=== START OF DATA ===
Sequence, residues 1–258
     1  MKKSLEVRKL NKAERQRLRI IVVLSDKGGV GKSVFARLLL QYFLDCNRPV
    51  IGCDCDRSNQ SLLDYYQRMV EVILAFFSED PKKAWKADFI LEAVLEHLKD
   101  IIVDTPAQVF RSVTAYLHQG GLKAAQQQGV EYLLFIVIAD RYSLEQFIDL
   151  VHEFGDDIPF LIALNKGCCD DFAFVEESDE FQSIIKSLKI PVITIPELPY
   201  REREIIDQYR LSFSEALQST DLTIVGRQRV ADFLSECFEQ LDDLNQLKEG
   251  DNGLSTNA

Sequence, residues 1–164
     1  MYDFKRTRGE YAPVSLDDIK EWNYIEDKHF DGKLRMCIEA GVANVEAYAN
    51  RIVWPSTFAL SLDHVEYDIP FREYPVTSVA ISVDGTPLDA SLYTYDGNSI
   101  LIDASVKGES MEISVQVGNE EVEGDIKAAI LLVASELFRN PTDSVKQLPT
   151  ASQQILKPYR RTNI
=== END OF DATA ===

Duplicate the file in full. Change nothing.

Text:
Sequence, residues 1–258
     1  MKKSLEVRKL NKAERQRLRI IVVLSDKGGV GKSVFARLLL QYFLDCNRPV
    51  IGCDCDRSNQ SLLDYYQRMV EVILAFFSED PKKAWKADFI LEAVLEHLKD
   101  IIVDTPAQVF RSVTAYLHQG GLKAAQQQGV EYLLFIVIAD RYSLEQFIDL
   151  VHEFGDDIPF LIALNKGCCD DFAFVEESDE FQSIIKSLKI PVITIPELPY
   201  REREIIDQYR LSFSEALQST DLTIVGRQRV ADFLSECFEQ LDDLNQLKEG
   251  DNGLSTNA

Sequence, residues 1–164
     1  MYDFKRTRGE YAPVSLDDIK EWNYIEDKHF DGKLRMCIEA GVANVEAYAN
    51  RIVWPSTFAL SLDHVEYDIP FREYPVTSVA ISVDGTPLDA SLYTYDGNSI
   101  LIDASVKGES MEISVQVGNE EVEGDIKAAI LLVASELFRN PTDSVKQLPT
   151  ASQQILKPYR RTNI